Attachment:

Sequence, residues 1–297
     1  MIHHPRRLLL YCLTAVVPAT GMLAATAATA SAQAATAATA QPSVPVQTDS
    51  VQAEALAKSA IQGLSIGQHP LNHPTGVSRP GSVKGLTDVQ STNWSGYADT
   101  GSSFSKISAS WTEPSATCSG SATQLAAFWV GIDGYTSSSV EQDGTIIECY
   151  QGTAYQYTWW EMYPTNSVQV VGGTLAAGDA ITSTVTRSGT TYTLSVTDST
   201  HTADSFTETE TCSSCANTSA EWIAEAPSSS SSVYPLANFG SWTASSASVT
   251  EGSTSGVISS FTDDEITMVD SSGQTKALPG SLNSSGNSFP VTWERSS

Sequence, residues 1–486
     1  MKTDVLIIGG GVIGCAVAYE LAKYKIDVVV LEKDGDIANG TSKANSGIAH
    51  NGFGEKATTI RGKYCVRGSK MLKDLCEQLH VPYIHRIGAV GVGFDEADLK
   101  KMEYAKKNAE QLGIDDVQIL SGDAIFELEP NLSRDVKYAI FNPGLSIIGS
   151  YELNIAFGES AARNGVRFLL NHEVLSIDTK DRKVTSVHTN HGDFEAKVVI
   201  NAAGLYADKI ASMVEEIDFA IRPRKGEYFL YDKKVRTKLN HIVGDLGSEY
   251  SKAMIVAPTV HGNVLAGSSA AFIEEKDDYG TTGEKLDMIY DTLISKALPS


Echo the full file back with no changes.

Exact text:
Sequence, residues 1–297
     1  MIHHPRRLLL YCLTAVVPAT GMLAATAATA SAQAATAATA QPSVPVQTDS
    51  VQAEALAKSA IQGLSIGQHP LNHPTGVSRP GSVKGLTDVQ STNWSGYADT
   101  GSSFSKISAS WTEPSATCSG SATQLAAFWV GIDGYTSSSV EQDGTIIECY
   151  QGTAYQYTWW EMYPTNSVQV VGGTLAAGDA ITSTVTRSGT TYTLSVTDST
   201  HTADSFTETE TCSSCANTSA EWIAEAPSSS SSVYPLANFG SWTASSASVT
   251  EGSTSGVISS FTDDEITMVD SSGQTKALPG SLNSSGNSFP VTWERSS

Sequence, residues 1–486
     1  MKTDVLIIGG GVIGCAVAYE LAKYKIDVVV LEKDGDIANG TSKANSGIAH
    51  NGFGEKATTI RGKYCVRGSK MLKDLCEQLH VPYIHRIGAV GVGFDEADLK
   101  KMEYAKKNAE QLGIDDVQIL SGDAIFELEP NLSRDVKYAI FNPGLSIIGS
   151  YELNIAFGES AARNGVRFLL NHEVLSIDTK DRKVTSVHTN HGDFEAKVVI
   201  NAAGLYADKI ASMVEEIDFA IRPRKGEYFL YDKKVRTKLN HIVGDLGSEY
   251  SKAMIVAPTV HGNVLAGSSA AFIEEKDDYG TTGEKLDMIY DTLISKALPS